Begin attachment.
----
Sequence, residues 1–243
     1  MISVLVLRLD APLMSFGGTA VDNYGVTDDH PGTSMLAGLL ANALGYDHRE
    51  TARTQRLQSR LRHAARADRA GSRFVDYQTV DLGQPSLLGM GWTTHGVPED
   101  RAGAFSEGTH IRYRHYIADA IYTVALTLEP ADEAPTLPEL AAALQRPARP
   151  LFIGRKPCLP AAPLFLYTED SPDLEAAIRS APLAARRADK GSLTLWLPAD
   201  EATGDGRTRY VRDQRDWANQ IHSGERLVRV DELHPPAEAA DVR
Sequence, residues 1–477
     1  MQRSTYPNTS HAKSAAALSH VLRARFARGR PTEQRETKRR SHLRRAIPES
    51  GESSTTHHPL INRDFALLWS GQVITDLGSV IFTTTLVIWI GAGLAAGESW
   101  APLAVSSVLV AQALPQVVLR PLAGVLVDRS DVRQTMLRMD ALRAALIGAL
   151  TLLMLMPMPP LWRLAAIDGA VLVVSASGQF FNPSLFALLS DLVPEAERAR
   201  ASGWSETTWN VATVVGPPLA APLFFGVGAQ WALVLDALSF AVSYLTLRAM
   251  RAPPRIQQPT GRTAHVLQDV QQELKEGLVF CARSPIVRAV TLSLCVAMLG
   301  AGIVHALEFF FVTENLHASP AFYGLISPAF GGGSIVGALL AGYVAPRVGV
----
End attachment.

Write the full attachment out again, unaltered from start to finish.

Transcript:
Sequence, residues 1–243
     1  MISVLVLRLD APLMSFGGTA VDNYGVTDDH PGTSMLAGLL ANALGYDHRE
    51  TARTQRLQSR LRHAARADRA GSRFVDYQTV DLGQPSLLGM GWTTHGVPED
   101  RAGAFSEGTH IRYRHYIADA IYTVALTLEP ADEAPTLPEL AAALQRPARP
   151  LFIGRKPCLP AAPLFLYTED SPDLEAAIRS APLAARRADK GSLTLWLPAD
   201  EATGDGRTRY VRDQRDWANQ IHSGERLVRV DELHPPAEAA DVR
Sequence, residues 1–477
     1  MQRSTYPNTS HAKSAAALSH VLRARFARGR PTEQRETKRR SHLRRAIPES
    51  GESSTTHHPL INRDFALLWS GQVITDLGSV IFTTTLVIWI GAGLAAGESW
   101  APLAVSSVLV AQALPQVVLR PLAGVLVDRS DVRQTMLRMD ALRAALIGAL
   151  TLLMLMPMPP LWRLAAIDGA VLVVSASGQF FNPSLFALLS DLVPEAERAR
   201  ASGWSETTWN VATVVGPPLA APLFFGVGAQ WALVLDALSF AVSYLTLRAM
   251  RAPPRIQQPT GRTAHVLQDV QQELKEGLVF CARSPIVRAV TLSLCVAMLG
   301  AGIVHALEFF FVTENLHASP AFYGLISPAF GGGSIVGALL AGYVAPRVGV